As in so many fables, animals are prominent in these fictions as well. “My neighbor Helene said I was born of a predatory bird, like a red-tailed hawk or eagle,” the story “In Childhood” begins, a tale from the “Curse of the Family” section, and “Searching for the Bearded Dragon” features a lost pet dragon named Sam, told from the point of view of a child. “Snapping Turtle,” “The Cost of the Cat,” “Goldfish Skin,” “Picking Up the Moose” (“At a party, I met a moose who was dating a bear.”), “Fish Story” (“‘It’s you and me against the world, kid,’ she says as the goldfish puckers its lips against the glass.”), “Birds Don’t Like You,” “Moose Stand Off,” “Pet Loss” (“Since Hubert the Bearded Dragon died, the thing that cheered me up was having sex with my diner customers.”), “Owl Eyes,” “Wolf Hybrids,” “Dad with Porpoise,” “Snail Women,” “Dead Bugs and Lovers,” “Behind the Scenes: With the Moose” (“I’m in the living room with the moose. He’s got his horns into me….”) – all feature animals in almost Aesop-like fashion. There’s even a troll, in “Trolllikeness”: “One evening, just before dinner, the door lock clicked, and a troll entered our home. For a troll, he wasn’t bad looking….”

Section Six, “The House of Grana Padano,” from which the collection’s title comes, is a sequence of nine stories that takes place in the village of Wedgwood, a sort of fabulist Peyton Place in which a woman’s husband’s ex-wife lives in a house made of cheese – Grana Padano. (Or is it really Pecorino Romano, as the husband speculates in “Mistaking One Cheese for Another”?) The new wife is suspicious, keeps running into the ex wherever she goes. In “The Smell of the Ex,” she observes, “I’ve started to feel like her happy little homeless dog.” Why is this woman in Wedgewood? It’s not really resolved. How can it be? In the final tale of the sequence, “Like,” we learn the second wife “could see through her like a two-way mirror; on the other side, she wouldn’t say why she had come here, and the interrogation kept repeating itself like someone with a stutter.”

It’s hard to know which parts of this fabulous collection were written by Pokrass, which by Friedman. I just assume the ones from a female perspective are Pokrass’s, and those from male’s are Friedman’s, but who knows? The collaboration has made for a seamless set of provocative, funny stories, full of the magic and the absurdity of families. elegantly executed.

© Meg Pokrass, Jeff Friedman, and Charles Rammelkamp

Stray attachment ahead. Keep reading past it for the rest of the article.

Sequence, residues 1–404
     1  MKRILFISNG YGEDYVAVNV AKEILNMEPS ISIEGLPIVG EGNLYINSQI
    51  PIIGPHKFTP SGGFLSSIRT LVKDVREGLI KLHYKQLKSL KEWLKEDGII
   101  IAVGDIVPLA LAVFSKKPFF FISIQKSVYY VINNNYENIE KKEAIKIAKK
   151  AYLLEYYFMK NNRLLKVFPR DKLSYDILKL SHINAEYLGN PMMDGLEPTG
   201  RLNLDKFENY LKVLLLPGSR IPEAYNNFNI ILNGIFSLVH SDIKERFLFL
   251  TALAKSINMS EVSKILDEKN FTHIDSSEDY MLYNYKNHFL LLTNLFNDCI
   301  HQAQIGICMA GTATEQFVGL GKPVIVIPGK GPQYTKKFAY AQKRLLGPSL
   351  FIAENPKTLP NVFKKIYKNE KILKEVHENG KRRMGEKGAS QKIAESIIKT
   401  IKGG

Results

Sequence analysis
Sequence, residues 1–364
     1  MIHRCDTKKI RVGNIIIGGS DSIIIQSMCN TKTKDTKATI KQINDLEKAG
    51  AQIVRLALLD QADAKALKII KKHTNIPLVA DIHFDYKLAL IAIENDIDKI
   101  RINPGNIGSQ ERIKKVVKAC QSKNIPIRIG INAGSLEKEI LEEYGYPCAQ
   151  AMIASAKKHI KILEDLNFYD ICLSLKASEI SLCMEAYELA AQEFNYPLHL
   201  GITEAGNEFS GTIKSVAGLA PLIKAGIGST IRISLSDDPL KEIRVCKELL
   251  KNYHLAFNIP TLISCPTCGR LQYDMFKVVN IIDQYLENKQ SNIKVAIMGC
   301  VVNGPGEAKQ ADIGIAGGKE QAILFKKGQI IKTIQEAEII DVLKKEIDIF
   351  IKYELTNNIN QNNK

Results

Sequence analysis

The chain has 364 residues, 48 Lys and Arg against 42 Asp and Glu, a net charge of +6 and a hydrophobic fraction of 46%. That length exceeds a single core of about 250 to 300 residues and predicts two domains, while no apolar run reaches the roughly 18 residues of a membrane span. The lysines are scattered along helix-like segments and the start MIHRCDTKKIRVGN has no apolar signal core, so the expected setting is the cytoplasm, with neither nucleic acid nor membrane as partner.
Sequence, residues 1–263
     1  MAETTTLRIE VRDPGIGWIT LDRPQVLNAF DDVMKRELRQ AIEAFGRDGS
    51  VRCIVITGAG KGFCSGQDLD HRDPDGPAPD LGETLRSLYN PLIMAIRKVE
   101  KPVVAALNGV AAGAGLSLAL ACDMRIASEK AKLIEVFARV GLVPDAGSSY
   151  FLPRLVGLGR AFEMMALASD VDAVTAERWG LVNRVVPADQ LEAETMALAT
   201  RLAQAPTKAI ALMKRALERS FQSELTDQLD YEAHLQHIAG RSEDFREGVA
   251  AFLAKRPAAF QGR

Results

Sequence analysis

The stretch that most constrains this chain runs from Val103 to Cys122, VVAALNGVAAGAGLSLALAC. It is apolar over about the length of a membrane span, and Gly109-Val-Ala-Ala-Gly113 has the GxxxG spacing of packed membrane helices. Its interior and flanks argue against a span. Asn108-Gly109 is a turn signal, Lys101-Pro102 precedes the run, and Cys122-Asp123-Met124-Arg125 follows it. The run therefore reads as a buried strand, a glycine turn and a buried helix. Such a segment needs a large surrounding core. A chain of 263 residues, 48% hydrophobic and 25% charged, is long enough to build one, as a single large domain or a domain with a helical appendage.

Meg Pokrass is the award-winning author of 8 flash fiction collections and 2 flash novellas, including Spinning to Mars (Blue Light Book Award, 2021) and The Loss Detector (Bamboo Dart Press, 2020). Her work has appeared in over 900 literary journals has been anthologized in 3 Norton anthologies: Flash Fiction International (W.W. Norton, 2015), New Micro: Exceptionally Short Fiction (W.W. Norton, 2018), and Flash Fiction America (W. W. Norton & Co., 2023). She is the Series Co-Editor of Best Microfiction and Founding Editor of New Flash Fiction Review. Meg lives in Inverness Scotland.

Jeff Friedman is the author of eight previous collections of poems, prose poems, and micros including The MarksmanFloating Tales and Pretenders. Friedman’s work has appeared in American Poetry ReviewPoetryNew England ReviewPoetry InternationalCast- Iron Aeroplanes That Can Actually Fly: Commentaries from 80 American Poets on their Prose Poetry101 Jewish Poets of the Third MillenniumFlash Fiction FunnyFlash Nonfiction FunnyFiction InternationalThe New Republic, and Best Microfiction 2021 and 2022. He has received numerous awards, including a National Endowment Literature Translation Fellowship in 2016 and two individual Artist Grants from New Hampshire Arts Council.

Charles Rammelkamp is Prose Editor for BrickHouse Books in Baltimore, where he lives with his wife Abby. He contributes a monthly book review to North of Oxford and is a frequent reviewer for The Lake, London Grip, Misfit Magazine and The Compulsive Reader.  A poetry chapbook, Mortal Coil, was published in 2021 by Clare Songbirds Publishing and another, Sparring Partners, by Moonstone Press. A full-length collection, The Field of Happiness, will be published in 2022 by Kelsay Books.